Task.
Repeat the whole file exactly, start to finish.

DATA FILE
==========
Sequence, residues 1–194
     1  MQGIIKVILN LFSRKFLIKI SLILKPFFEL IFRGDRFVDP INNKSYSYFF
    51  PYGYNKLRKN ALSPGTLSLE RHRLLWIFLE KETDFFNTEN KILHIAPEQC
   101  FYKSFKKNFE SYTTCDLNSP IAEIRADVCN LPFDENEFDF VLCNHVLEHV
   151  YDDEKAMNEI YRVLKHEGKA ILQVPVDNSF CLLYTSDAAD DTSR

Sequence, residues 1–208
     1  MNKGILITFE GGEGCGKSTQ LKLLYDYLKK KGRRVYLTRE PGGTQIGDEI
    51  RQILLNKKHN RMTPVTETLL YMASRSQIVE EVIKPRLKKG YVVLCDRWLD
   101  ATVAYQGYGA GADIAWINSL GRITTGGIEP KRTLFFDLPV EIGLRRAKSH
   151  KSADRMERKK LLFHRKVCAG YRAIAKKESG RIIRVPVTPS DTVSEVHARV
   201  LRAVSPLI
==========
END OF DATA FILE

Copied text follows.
Sequence, residues 1–194
     1  MQGIIKVILN LFSRKFLIKI SLILKPFFEL IFRGDRFVDP INNKSYSYFF
    51  PYGYNKLRKN ALSPGTLSLE RHRLLWIFLE KETDFFNTEN KILHIAPEQC
   101  FYKSFKKNFE SYTTCDLNSP IAEIRADVCN LPFDENEFDF VLCNHVLEHV
   151  YDDEKAMNEI YRVLKHEGKA ILQVPVDNSF CLLYTSDAAD DTSR

Sequence, residues 1–208
     1  MNKGILITFE GGEGCGKSTQ LKLLYDYLKK KGRRVYLTRE PGGTQIGDEI
    51  RQILLNKKHN RMTPVTETLL YMASRSQIVE EVIKPRLKKG YVVLCDRWLD
   101  ATVAYQGYGA GADIAWINSL GRITTGGIEP KRTLFFDLPV EIGLRRAKSH
   151  KSADRMERKK LLFHRKVCAG YRAIAKKESG RIIRVPVTPS DTVSEVHARV
   201  LRAVSPLI